Thursday, 27 July 2017

At the Movies - Dunkirk

I was apprehensive about going to see the new film called Dunkirk.  A Dutchman coming out at the end of the screening I went to said to one of his companions, "It was a guys' film, it was not a girls' film," and that was exactly what I expected. However, he was wrong.

One of the women the Dutchman was with, replied, "Oh no, I liked it, except that I didn't think it was bloody enough". One of the men in their party said, "I thought there was too much of a happy ending, especially for that pilot." Given that it appeared that "that pilot", (spoiler alert), was being taken away as a prisoner of the Germans, I would say that my view of a happy ending is fairly unlike that gent's.

I've written more about what I thought about the film here. The salient point, I guess, is that, unexpectedly, I enjoyed it quite a lot.


  1. I went the other day and was also impressed, with a few reservations. It was an effective evocation of Dunkirk, according to a veteran who saw it in Canada and I really appreciated the absence of CGI.

    Regarding the potentially contentious point you made in your review, I largely agree, but I also think that today's sneering attitude towards anything that smacks of patriotism would also contribute. But perhaps Britain would rise to the occasion, as we did in 1982.

    It certainly isn't a "guys" film. My wife came with me and enjoyed it, even though she makes Margot Leadbetter look butch.

    The ending was moving rather than happy, wasn't it? I did get a lump in my throat when the little boats arrived to the strains of Elgar's 'Nimrod', but overall it was presented as a deliverance rather than a victory.

    Apparently the Russians are asking why we're celebrating cowardice, as they would have fought to the last man. But I suspect that some of their 'courage' came from having a commissar threatening to shoot them in the back if they didn't advance, regardless of whether they had any ammunition or not.

    1. My husband said the same about CGI. Interesting about the veteran who saw it in Canada. My daughter thinks the teeth might not have been as white as those of most of the troops in the film.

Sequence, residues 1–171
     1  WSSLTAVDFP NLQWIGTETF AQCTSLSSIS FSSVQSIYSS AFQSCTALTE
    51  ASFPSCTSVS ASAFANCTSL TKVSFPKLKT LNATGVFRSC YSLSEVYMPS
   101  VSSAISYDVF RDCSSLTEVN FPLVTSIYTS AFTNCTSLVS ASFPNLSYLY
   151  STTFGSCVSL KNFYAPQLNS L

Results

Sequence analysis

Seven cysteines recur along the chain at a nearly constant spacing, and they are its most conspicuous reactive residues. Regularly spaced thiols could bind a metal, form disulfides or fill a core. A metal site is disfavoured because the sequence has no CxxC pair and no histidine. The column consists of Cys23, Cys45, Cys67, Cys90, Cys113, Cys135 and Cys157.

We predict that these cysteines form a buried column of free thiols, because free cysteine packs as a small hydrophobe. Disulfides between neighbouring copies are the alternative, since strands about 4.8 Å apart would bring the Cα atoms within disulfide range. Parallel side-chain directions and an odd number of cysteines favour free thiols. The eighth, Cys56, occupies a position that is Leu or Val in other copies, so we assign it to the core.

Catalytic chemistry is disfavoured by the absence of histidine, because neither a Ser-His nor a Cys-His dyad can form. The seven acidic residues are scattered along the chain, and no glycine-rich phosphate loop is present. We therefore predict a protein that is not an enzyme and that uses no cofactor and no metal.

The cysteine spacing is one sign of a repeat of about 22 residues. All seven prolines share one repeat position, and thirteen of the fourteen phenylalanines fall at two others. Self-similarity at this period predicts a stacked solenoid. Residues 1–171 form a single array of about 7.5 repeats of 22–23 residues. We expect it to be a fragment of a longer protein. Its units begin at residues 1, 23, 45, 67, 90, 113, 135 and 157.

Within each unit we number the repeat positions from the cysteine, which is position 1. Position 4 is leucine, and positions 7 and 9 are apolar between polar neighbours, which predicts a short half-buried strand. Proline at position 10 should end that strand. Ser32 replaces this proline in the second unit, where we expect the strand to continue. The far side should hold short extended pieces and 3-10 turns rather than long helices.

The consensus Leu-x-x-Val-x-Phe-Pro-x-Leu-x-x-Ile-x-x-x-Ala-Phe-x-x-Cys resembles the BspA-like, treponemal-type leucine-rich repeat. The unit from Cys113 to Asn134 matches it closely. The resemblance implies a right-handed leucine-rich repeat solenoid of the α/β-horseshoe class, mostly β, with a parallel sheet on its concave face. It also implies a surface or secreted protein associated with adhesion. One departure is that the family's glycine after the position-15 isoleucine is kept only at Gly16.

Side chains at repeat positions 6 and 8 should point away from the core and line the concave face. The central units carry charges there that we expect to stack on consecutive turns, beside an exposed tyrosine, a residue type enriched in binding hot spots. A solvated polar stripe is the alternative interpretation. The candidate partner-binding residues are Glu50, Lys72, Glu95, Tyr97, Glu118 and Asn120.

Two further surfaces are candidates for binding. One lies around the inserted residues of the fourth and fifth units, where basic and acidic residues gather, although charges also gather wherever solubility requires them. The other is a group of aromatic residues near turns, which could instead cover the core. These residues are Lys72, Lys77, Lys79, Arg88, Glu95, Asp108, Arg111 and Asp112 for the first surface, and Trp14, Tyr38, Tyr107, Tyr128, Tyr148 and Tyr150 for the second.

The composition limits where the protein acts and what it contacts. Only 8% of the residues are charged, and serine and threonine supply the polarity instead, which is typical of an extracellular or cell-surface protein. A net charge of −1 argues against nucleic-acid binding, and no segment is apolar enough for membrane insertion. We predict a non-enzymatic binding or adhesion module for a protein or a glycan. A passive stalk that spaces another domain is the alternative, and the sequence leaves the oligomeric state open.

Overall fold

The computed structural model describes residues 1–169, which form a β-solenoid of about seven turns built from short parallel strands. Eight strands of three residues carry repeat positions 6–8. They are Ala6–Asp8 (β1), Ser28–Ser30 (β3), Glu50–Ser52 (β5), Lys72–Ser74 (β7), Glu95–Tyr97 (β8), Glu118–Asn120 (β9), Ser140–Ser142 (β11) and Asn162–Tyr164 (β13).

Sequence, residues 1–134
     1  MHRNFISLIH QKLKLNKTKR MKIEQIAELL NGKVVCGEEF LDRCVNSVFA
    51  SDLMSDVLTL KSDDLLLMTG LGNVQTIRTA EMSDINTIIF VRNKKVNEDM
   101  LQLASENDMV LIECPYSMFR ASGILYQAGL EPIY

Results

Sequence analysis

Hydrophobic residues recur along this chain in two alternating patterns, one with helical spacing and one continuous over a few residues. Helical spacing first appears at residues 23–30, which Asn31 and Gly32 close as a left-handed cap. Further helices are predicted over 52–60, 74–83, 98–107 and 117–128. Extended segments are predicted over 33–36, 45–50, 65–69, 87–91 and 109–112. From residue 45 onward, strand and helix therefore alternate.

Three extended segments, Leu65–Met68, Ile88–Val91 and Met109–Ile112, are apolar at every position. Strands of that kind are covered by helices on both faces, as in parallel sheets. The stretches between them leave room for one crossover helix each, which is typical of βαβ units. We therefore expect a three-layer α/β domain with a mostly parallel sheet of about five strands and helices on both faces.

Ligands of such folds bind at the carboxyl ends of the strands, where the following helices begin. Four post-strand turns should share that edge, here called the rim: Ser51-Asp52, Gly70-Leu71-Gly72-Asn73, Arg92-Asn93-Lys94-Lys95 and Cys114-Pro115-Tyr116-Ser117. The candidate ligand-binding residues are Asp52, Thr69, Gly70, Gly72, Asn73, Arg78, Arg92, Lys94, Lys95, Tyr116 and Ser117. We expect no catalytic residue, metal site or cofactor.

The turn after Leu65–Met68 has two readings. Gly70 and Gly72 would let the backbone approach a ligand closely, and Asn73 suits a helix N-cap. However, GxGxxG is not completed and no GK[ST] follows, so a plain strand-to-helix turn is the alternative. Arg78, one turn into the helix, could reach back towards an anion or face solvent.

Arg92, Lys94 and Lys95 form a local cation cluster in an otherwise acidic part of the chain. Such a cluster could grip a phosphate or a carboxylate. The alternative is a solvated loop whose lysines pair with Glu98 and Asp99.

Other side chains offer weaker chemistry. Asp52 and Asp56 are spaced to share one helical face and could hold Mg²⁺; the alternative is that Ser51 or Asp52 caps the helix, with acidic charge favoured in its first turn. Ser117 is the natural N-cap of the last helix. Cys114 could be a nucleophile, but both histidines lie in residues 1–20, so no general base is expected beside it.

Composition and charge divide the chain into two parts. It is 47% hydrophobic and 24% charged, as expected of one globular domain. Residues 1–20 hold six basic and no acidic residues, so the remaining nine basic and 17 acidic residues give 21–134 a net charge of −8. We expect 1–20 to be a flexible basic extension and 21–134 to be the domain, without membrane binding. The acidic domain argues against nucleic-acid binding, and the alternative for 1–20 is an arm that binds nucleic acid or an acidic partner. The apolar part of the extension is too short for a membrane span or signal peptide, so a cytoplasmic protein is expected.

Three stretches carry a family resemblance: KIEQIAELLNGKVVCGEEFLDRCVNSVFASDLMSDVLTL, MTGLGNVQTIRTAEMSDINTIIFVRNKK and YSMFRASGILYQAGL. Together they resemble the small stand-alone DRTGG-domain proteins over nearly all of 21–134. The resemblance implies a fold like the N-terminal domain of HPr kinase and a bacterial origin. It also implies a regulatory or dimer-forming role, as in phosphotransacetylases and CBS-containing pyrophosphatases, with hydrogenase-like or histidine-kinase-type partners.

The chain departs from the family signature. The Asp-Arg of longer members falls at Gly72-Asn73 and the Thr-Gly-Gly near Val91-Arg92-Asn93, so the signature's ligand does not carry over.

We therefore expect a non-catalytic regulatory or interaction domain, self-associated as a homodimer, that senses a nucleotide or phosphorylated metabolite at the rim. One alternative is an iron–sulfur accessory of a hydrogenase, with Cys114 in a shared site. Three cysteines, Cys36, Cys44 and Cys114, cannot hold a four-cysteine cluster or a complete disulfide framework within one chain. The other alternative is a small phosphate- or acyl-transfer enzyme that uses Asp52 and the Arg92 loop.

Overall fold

Sneering and anger seem to infuse so much at the moment.
      Does anyone not get a lump in their throat when Nimrod is played? It is so moving that I forgive Elgar for lots of other rather dull music.
      The Russians are a bunch of thugs and anyone who was in territory occupied by them after the war, especially female anyones, would - with absolute justification - sneer at claims about their courage. They were beasts - usually drunken beasts - from all I have ever been told. The puzzle is how they produced such wonderful literature while also being so frightful

    2. Sorry that was a bit strident.

  2. The beginning of Elgar's 1st Symphony is also gorgeous, lump in the throat stuff.

    As for the Russians, in my opinion their great art was largely produced by a bourgeois minority in what was, fundamentally, a nation of illiterate peasants. The tragedy of Russia is that it industrialised almost overnight, without the growth of an educated, free thinking middle class. After 1989, the Czechs were able to salvage something from their past. The Russians had no democratic, bourgeois culture to resurrect.

    1. Re the Elgar 1st symphony, thanks for the tip.

      Re the Russians, I read the other day that 100,000 serfs died in a couple of decades constructing St Petersburg as a showcase for the Romanovs - which leads me to think that they were brutalised first by the old regime and then by Lenin etc and so never had the chance to experience a civil society at any stage. The Czechs were part of the Austro Hungarian empire, which I am soppy about - and even its critics would have to admit it was never despotic, if that's the right word, in the way the system of serfdom was in Russia. That was slavery really. But actually I can't claim to really know what I'm talking about in any accurate way